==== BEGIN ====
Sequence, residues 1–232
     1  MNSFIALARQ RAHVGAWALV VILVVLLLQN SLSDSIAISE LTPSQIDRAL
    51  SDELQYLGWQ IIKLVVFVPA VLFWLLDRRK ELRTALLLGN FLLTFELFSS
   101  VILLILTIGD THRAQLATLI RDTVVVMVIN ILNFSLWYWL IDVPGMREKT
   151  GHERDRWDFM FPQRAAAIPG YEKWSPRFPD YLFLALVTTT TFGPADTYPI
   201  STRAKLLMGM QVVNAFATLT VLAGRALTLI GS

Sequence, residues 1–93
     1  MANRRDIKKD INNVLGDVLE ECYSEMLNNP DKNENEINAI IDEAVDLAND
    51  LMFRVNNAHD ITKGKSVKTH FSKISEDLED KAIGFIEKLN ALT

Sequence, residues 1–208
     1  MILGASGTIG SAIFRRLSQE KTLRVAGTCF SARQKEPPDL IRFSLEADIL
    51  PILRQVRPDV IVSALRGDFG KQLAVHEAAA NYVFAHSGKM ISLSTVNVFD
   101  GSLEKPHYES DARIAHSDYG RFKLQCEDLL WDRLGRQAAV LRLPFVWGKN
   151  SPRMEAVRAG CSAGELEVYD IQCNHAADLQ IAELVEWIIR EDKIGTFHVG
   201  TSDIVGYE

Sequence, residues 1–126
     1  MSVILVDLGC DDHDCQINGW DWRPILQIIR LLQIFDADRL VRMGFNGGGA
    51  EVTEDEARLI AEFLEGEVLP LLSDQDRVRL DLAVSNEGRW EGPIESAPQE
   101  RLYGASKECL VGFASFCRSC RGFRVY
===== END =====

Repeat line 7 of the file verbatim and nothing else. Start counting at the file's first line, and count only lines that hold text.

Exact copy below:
Sequence, residues 1–93